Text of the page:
The opinion of the court was delivered by: Carolyn K. Delaney United States Magistrate Judge
Petitioner has requested the appointment of counsel. There currently exists no absolute right to appointment of counsel in habeas proceedings. See Nevius v. Sumner, 105 F.3d 453, 460 (9th Cir. 1996). However, 18 U.S.C. § 3006A authorizes the appointment of counsel at any stage of the case "if the interests of justice so require." See Rule 8(c), Fed. R. Governing § 2254 Cases. In the present case, the court does not find that the interests of justice would be served by the appointment of counsel at the present time.
One of petitioner's grounds for requesting the assistance of counsel concerns his limited access to the law library and his allegation that he does not receive adequate materials to prosecute his case. An inmate has a constitutionally protected right of meaningful access to the courts, Bounds v. Smith, 430 U.S. 817, 820-21 (1977), and that right includes reasonable access to a legal library. However, there is no freestanding constitutional right to law library access for prisoners; law library access serves as one means of ensuring the constitutional right of access to the courts. See Lewis v. Casey, 518 U.S. 343, 350-51 (1996). "[T]he Constitution does not guarantee a prisoner unlimited access to a law library. Prison officials of necessity must regulate the time, manner, and place in which library facilities are used." Linquist v. Idaho State Bd. of Corrections, 776 F.2d 851, 858 (9th Cir.1985). An inmate is also entitled to adequate materials for drafting submissions to the courts: "It is indisputable that indigent inmates must be provided at state expense with paper and pen to draft legal documents, with notarial services to authenticate them, and with stamps to mail them." Bounds, 430 U.S. at 824-25. A typewriter is not essential for an inmate to draft legal documents.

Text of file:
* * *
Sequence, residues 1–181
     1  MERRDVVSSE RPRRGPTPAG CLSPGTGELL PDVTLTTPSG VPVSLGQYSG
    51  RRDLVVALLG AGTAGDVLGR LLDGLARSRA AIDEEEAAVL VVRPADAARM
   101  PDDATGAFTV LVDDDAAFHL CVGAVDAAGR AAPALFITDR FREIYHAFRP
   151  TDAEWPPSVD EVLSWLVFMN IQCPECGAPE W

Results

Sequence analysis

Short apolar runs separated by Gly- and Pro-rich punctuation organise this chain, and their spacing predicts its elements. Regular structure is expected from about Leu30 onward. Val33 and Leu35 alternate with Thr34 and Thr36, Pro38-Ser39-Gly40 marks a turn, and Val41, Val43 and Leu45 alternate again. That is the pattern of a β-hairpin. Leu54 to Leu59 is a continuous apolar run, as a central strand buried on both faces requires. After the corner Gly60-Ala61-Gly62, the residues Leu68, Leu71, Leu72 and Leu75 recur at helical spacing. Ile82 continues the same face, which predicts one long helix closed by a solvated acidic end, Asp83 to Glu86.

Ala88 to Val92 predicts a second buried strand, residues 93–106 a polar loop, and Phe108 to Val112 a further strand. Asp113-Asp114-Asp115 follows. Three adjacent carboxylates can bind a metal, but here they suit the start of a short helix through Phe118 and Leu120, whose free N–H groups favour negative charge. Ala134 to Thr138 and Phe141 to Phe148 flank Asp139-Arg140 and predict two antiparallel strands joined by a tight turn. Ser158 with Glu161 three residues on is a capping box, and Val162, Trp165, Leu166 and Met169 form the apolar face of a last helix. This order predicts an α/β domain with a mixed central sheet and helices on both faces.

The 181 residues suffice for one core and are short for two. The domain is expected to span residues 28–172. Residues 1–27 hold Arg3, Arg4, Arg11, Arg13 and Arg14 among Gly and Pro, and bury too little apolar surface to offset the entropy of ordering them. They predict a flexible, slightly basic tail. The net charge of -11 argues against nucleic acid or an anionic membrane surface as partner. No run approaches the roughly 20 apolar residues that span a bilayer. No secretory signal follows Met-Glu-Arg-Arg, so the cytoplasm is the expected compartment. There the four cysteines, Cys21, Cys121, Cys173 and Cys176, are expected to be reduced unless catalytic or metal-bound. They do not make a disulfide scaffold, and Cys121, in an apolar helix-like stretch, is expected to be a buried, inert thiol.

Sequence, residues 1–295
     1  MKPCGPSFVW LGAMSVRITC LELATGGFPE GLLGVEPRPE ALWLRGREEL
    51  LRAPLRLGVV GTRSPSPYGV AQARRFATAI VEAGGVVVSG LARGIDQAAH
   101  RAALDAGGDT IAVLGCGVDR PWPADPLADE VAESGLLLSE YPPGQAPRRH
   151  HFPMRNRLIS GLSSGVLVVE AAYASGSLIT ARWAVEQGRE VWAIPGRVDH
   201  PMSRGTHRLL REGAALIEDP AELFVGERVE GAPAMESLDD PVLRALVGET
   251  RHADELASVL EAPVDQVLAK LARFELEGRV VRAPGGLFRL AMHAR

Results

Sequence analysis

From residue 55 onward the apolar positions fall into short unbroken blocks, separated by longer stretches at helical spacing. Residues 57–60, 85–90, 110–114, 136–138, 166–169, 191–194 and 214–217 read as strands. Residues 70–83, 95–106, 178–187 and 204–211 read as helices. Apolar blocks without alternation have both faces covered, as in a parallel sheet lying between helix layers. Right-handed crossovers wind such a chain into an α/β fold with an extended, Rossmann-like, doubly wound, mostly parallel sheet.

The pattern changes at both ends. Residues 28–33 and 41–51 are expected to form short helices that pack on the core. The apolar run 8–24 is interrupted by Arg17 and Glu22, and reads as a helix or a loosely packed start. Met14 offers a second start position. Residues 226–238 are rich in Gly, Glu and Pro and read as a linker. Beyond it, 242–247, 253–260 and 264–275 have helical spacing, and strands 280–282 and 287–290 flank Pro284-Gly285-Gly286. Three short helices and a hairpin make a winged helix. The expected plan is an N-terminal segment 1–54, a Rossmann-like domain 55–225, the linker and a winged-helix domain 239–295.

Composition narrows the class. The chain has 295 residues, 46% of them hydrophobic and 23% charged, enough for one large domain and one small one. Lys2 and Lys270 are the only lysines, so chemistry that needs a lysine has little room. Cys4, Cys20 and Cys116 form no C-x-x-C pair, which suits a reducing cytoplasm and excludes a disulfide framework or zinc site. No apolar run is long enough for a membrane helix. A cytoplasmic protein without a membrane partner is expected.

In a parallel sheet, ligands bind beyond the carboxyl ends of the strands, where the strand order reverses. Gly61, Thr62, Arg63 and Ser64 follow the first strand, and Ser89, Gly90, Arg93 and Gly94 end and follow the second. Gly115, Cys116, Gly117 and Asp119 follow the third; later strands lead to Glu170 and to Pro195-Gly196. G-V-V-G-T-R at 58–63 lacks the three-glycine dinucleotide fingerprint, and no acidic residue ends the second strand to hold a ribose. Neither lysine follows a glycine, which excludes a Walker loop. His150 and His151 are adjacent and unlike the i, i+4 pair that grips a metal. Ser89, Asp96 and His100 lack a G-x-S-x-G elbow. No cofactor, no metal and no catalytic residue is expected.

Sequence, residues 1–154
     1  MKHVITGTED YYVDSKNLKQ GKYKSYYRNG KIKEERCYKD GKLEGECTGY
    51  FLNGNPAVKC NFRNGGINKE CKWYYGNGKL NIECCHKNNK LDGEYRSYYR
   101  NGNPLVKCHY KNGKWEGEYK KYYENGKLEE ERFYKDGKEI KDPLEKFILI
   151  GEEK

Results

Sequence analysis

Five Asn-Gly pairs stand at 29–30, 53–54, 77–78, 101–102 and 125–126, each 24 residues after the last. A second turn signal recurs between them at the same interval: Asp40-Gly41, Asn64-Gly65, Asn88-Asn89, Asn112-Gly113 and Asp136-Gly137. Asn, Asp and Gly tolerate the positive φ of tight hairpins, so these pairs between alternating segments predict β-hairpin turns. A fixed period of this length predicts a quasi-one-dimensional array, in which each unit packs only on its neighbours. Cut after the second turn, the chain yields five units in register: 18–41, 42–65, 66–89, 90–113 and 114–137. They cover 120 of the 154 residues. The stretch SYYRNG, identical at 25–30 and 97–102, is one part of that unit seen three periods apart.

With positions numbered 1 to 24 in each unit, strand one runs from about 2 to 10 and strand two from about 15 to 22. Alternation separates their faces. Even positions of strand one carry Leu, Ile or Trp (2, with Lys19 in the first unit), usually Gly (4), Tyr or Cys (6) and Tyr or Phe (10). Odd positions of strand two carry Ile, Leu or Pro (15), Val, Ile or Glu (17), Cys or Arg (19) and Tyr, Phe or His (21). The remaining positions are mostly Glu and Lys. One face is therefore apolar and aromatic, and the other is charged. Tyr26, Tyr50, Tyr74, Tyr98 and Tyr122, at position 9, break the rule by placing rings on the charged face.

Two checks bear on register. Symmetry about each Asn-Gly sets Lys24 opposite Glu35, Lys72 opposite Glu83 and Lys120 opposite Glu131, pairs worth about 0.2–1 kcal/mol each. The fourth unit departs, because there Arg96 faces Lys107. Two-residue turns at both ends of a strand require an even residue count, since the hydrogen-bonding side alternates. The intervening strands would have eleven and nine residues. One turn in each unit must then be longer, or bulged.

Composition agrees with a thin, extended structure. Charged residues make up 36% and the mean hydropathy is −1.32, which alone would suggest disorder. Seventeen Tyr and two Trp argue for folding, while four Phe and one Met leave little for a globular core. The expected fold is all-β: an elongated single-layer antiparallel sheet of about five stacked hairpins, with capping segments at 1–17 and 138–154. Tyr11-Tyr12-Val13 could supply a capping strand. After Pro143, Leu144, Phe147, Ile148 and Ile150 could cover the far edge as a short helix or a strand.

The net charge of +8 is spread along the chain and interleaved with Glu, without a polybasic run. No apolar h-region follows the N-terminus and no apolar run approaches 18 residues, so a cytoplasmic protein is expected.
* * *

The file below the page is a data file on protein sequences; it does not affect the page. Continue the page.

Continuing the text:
A prisoner claiming that his right of access to the courts has been violated due to blocked access to the courts must show that: 1) access was so limited as to be unreasonable, and 2) the inadequate access caused actual injury. Vandelft v. Moses, 31 F.3d 794, 797 (9th Cir. 1994). A prisoner cannot make conclusory declarations of injury, but instead must demonstrate that a non-frivolous legal claim has been frustrated or impeded. To prevail, however, it is not enough for an inmate to show some sort of denial. An "actual injury" is "actual prejudice with respect to contemplated or existing litigation, such as the inability to meet a filing deadline or to present a claim." Lewis, 518 U.S. at 348.
[T]he inmate... must go one step further and demonstrate that the alleged shortcomings in the library or legal assistance program hindered his efforts to pursue a legal claim. He might show, for example, that a complaint he prepared was dismissed for failure to satisfy some technical requirement which, because of deficiencies in the prison's legal assistance facilities, he could not have known. Or that he suffered arguably actionable harm that he wished to bring before the courts, but was so stymied by inadequacies of the law library that he was unable even to file a complaint .
This case is barely more than three months old, and thus far petitioner has had no problem communicating his grievances and concerns to the court. If prison conditions so impede his access to the court that his ability to prosecute his case is prejudiced in the way described above, then petitioner may seek injunctive relief from the court. As it stands now, however, there is no evidence that conditions at petitioner's place of confinement have sunk to that level.
Accordingly, IT IS HEREBY ORDERED that petitioner's motion for appointment of counsel (Docket No. 10) is denied without prejudice to a renewal of the motion at a later stage of the proceedings.
© 1992-2011 VersusLaw ...